LDAP

Syndicate content 9 

From the first glance, the task of configuring LDAP authentication in Caché is not hard at all – the manual describes this process in just 6 paragraphs. On the other hand, if the LDAP server uses Microsoft Active Directory, there a few non-evident things that need to be configured on the LDAP server side. Those who don’t do anything like that on a regular basis may get lost in Caché settings. In this article, we will describe the step-by-step process of setting up LDAP authentication and cover the diagnostic methods that can be used if something doesn’t work as expected.

Last comment 23 October 2018
+ 4   2 5
758

views

+ 4

rating

Some key points are emphasized in this article in order to save your time to get linux ldap client in cache working with windows AD (active directory) LDAP server.
The first thing to do is to get successful TLS connection to windows AD.
Raw tcp case is beyond of this article, there is no problem with it, it is trivial.
Windows ldap server uses port 636 for tls and this port can be used to get ldap certificate.
As we will see later there is reason for this.
linux ldap client uses STARTTLS special ldap extension to switch plain tcp to TLS only.

+ 8   0 0
0

comments

1128

views

+ 8

rating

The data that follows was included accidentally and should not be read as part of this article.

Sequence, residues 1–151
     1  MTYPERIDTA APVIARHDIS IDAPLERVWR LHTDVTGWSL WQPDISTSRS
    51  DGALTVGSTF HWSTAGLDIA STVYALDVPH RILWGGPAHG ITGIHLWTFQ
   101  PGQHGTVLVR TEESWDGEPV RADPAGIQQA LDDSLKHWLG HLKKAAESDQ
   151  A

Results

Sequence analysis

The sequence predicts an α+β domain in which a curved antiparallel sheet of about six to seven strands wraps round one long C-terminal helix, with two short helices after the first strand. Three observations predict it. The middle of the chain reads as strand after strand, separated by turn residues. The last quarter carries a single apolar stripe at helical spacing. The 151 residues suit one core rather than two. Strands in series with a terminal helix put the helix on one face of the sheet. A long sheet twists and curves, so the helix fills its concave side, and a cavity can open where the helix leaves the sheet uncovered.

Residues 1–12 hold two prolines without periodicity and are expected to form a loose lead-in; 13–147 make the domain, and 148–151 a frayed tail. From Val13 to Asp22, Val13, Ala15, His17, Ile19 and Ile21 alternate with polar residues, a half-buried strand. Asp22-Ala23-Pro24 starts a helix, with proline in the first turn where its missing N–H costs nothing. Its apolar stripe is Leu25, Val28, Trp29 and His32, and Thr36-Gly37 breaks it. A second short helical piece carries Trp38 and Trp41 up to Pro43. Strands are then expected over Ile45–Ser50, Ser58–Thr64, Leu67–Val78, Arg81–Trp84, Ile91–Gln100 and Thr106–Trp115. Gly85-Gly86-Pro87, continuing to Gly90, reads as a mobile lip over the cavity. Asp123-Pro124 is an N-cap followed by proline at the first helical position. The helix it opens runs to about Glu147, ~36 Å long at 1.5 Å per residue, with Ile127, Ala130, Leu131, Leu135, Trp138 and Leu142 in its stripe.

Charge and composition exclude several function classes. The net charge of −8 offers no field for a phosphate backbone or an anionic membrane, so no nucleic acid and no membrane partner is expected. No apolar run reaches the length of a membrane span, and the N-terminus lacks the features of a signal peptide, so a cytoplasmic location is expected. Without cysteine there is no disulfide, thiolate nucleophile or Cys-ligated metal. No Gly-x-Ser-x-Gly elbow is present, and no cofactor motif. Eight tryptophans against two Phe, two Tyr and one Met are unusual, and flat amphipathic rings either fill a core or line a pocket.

I was recently asked whether we have a function to convert LDAP date time stamps into $HOROLOG format or other formats and the answer is not at the moment, but there is a simple method to do the conversion.

Let us look at the facts and figures involved...

1) Active Directory's (AD) date 0 (zero) is 1601-01-01 00:00:00.000 or January 1st, 1601 at midnight (00:00:00)

2) AD timestamps are calculated as the number of 100 nanosecond intervals from date 0

3) 864000000000 is the number of 100 nanosecond intervals per day

+ 5   0 2
0

comments

477

views

+ 5

rating

Presenter: Rich Taylor
Task: Use an LDAP schema that differs from the provided default
Approach: Give examples of customized LDAP schema development, using LDAP APIs and ZAUTHORIZE
 

In this session we explore the various options of for working with LDAP as an authentication and authorization framework. We will look beyond the simple LDAP schemas into working with more complex LDAP configurations that incorporate application level security information.

 

Content related to this session, including slides, video and additional learning content can be found here.

Last comment 14 April 2016
0   0 3
256

views

0

rating